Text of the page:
On September 26, the Health Resources and Services Administration (HRSA) Administrator Dr. Mary Wakefield announced the award of grants to support health care in rural areas, including funds for the planning of a rural health network in Suwannee, Taylor, Madison, Hamilton and Lafayette counties. The grant is being awarded to St. Luke’s Episcopal Church in Live Oak, in partnership with over 20 local public and private community based organizations. “This funding will allow these counties to expand their network and enhance local capacity and coordination of care,” said Dr. Celeste Philip, Deputy Secretary for Health at the Florida
Department of Health. “The Department of Health fully supports these efforts. By working together, rural health care partners can increase access to vital and high-quality health care services in their communities where they are most needed.”
St. Luke’s Episcopal Church applied for HRSA Rural Health Network Planning and Development funding on behalf of the medically isolated rural residents in a five county area of North Central Florida and community partners in Hamilton, Madison, Taylor, Lafayette and Suwannee Counties. The focus of this grant will be to capitalize on the momentum and commitment by local partners to improve the delivery of health care, ancillary services and health outcomes, by formally establishing and expanding a “Network” of community partners that already include five county health departments, Shands Hospital – Live Oak, The Healthy Start Coalition for Jefferson, Madison and Taylor Counties, Inc., the Taylor County School District, the Suwannee County School District, Brehon Family Services, Partnership for Strong Families, Apalachee Mental Health, Meridian Behavioral Healthcare, DISC Village, the United Way of Suwannee Valley, the Florida Departments of Children and Families and Juvenile Justice and many more.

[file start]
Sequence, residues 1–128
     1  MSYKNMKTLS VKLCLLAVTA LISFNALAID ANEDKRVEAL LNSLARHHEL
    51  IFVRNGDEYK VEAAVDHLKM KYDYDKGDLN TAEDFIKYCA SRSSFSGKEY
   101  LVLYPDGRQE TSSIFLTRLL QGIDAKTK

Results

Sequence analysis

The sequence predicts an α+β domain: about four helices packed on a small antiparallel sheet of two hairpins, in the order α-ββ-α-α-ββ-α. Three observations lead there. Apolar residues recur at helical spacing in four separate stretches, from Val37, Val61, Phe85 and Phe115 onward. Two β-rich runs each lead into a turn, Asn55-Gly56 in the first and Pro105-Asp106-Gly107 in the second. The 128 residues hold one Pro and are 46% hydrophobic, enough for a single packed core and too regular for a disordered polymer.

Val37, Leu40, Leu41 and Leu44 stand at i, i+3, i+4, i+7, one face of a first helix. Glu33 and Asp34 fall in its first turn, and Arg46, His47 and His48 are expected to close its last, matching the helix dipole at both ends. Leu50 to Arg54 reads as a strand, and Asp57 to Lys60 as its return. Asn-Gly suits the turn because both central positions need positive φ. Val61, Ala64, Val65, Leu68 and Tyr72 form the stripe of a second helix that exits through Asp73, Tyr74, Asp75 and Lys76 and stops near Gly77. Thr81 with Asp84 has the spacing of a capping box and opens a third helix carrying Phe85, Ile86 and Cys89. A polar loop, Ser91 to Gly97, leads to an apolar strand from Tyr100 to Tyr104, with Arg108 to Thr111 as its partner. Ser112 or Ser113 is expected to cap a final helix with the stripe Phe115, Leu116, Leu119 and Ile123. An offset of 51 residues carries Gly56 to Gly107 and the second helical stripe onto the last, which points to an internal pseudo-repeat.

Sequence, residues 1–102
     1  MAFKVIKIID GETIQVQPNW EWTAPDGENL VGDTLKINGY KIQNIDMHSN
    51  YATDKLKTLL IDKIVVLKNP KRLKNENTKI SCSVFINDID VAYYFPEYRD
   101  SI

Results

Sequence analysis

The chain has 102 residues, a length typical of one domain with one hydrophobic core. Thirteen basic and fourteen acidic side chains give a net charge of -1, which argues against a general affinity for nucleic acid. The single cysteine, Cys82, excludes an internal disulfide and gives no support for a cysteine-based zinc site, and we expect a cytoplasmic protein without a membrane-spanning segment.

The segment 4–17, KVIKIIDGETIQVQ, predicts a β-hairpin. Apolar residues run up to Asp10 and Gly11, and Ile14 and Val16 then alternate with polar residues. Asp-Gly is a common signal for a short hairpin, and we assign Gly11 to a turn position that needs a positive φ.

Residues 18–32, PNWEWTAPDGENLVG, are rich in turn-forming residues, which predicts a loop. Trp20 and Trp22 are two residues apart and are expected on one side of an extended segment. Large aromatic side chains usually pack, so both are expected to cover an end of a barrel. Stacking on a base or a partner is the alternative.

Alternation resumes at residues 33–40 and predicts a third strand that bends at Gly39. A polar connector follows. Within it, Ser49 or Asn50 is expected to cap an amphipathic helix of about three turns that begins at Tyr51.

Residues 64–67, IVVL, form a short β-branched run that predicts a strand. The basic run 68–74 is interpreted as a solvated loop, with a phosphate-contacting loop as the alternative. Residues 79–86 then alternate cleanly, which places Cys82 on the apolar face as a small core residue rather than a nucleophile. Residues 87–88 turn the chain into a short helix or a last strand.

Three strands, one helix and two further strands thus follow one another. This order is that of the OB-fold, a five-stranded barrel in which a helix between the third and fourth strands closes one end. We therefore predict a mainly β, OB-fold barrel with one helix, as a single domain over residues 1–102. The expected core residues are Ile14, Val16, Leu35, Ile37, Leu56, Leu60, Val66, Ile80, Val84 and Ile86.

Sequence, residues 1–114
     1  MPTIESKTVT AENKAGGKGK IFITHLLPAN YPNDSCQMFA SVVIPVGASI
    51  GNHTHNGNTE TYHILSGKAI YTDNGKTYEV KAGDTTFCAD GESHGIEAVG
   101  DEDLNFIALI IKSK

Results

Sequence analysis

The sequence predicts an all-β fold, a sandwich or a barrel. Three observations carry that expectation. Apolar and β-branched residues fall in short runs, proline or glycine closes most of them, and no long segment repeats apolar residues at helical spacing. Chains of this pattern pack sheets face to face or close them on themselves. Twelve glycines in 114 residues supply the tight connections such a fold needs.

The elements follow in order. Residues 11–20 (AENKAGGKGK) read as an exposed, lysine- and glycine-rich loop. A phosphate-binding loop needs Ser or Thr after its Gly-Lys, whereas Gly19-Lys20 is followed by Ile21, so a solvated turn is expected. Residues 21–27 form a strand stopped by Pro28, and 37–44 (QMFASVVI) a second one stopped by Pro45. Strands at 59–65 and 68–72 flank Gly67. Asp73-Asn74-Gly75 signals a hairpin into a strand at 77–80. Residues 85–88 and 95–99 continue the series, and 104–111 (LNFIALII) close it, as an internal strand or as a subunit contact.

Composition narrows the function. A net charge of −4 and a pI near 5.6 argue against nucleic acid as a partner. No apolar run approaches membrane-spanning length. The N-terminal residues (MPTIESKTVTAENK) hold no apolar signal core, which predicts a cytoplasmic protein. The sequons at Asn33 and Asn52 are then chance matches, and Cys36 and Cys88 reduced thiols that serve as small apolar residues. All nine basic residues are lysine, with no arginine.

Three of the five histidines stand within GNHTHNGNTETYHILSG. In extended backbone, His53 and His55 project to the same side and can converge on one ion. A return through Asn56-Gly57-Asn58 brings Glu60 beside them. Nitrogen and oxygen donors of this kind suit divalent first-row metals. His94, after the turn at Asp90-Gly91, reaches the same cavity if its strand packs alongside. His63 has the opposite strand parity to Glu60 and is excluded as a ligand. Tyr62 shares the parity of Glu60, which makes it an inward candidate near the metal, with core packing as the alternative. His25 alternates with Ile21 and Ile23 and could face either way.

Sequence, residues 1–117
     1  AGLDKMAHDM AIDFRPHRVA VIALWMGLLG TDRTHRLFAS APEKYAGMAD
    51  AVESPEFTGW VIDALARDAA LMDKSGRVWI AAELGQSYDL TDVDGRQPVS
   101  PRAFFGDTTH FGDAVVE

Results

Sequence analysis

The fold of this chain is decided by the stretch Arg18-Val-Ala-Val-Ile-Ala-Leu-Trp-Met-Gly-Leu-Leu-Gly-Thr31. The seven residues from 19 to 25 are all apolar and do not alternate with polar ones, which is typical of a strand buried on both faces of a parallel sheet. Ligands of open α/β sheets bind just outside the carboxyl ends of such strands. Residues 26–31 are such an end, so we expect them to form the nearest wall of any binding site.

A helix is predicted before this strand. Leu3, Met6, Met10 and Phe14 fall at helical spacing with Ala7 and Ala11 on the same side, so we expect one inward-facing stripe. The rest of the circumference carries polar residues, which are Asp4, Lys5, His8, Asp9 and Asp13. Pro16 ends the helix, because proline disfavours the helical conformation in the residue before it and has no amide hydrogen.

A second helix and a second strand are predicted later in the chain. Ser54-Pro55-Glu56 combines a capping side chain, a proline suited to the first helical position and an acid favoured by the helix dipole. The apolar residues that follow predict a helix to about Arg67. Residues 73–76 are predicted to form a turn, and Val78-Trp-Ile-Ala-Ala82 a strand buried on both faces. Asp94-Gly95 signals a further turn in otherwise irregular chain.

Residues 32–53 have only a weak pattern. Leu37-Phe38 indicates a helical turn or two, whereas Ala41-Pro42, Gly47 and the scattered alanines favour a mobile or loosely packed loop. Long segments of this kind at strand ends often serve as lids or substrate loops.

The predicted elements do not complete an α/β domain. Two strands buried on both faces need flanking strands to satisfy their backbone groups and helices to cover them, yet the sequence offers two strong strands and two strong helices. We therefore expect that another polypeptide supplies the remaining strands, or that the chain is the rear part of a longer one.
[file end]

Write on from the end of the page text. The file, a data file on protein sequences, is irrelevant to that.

All five counties are in the bottom quartile of Florida in Median Family Income, with child and elderly poverty rates far exceeding the state average, with poverty rates for children and elders exceeding twice the state rate. Health and mental health indicators for these counties are significantly worse than indicators represented in statewide averages. This grant would specifically develop a network of agencies committed to improving rural health and health related services to geographically isolated residents, including the development of a business plan and cost model for the delivery of health and ancillary services to geographically remote locations in the five county areas in anticipation of seeking both public and private funding opportunities, by the end of the grant funding period.
For further information contact George Hinchliffe (386) 249-2431.